Q2. You have highlighted the housing crisis that affects many places around the world, and point out that ‘more than just building housing, we need to create homes’. In a time when an increasing number of large-scale, modern developments are being built with ever-smaller lots, what is your key advice to those who live in new-build housing to personalise their space, and which could also introduce a sense of community?
When you have houses in a row that all look similar, personalisation of the outdoor areas can be an ideal opportunity to differentiate, by cultivating very different styles of gardens, balconies, or window boxes. Equally, people living on the street could agree to introduce a common element together, which would bring about coherence but also a sense of community. For example, they could all decide to grow Wisteria along the front facades of their houses, to tie them together, but then introduce different planting styles in their gardens, to give a real sense of character of the owner of each property. This sort of approach can build community and also bring about the ‘ordered complexity’, which humans thrive on.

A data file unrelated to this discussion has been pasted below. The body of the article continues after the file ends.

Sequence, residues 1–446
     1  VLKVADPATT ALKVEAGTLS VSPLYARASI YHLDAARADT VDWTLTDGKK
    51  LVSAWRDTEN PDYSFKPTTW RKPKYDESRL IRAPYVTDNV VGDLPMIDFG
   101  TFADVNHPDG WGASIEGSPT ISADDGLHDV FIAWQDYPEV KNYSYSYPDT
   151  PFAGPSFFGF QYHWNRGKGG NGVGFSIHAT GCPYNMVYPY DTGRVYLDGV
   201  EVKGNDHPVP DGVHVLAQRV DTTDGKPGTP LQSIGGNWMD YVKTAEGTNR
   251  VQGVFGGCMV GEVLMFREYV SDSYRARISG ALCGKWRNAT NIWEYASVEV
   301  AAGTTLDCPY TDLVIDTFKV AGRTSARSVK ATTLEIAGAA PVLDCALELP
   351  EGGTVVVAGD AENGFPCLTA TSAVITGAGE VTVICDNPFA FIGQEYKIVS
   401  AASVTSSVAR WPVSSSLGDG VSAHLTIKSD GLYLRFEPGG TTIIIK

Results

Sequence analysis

Focusing on the interior of the houses – space is such a big issue. Research I conducted with Grainger PLC has reported decreasing residential space and the wellbeing impacts this is having on people. The evidence shows that ceiling height really affects our perception of space, as even if we have a small floor area, with higher ceilings, we feel less constricted and can feel less irritable and more tolerant of others, so I would urge developers to be generous with vertical space.